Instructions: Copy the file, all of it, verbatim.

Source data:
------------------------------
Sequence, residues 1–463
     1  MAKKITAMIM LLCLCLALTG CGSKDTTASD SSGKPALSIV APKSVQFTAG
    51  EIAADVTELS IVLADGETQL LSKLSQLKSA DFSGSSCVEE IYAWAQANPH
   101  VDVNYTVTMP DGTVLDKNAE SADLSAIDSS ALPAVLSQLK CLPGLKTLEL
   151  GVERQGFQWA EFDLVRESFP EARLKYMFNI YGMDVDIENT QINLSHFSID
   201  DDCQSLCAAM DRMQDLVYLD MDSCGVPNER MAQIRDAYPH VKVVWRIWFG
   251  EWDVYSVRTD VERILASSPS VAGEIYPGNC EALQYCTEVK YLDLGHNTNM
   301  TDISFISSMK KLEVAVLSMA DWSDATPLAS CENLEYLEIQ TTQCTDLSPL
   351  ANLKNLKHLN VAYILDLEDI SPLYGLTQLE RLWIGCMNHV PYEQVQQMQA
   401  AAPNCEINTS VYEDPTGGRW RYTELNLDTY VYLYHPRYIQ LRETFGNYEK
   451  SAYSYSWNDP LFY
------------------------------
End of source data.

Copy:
Sequence, residues 1–463
     1  MAKKITAMIM LLCLCLALTG CGSKDTTASD SSGKPALSIV APKSVQFTAG
    51  EIAADVTELS IVLADGETQL LSKLSQLKSA DFSGSSCVEE IYAWAQANPH
   101  VDVNYTVTMP DGTVLDKNAE SADLSAIDSS ALPAVLSQLK CLPGLKTLEL
   151  GVERQGFQWA EFDLVRESFP EARLKYMFNI YGMDVDIENT QINLSHFSID
   201  DDCQSLCAAM DRMQDLVYLD MDSCGVPNER MAQIRDAYPH VKVVWRIWFG
   251  EWDVYSVRTD VERILASSPS VAGEIYPGNC EALQYCTEVK YLDLGHNTNM
   301  TDISFISSMK KLEVAVLSMA DWSDATPLAS CENLEYLEIQ TTQCTDLSPL
   351  ANLKNLKHLN VAYILDLEDI SPLYGLTQLE RLWIGCMNHV PYEQVQQMQA
   401  AAPNCEINTS VYEDPTGGRW RYTELNLDTY VYLYHPRYIQ LRETFGNYEK
   451  SAYSYSWNDP LFY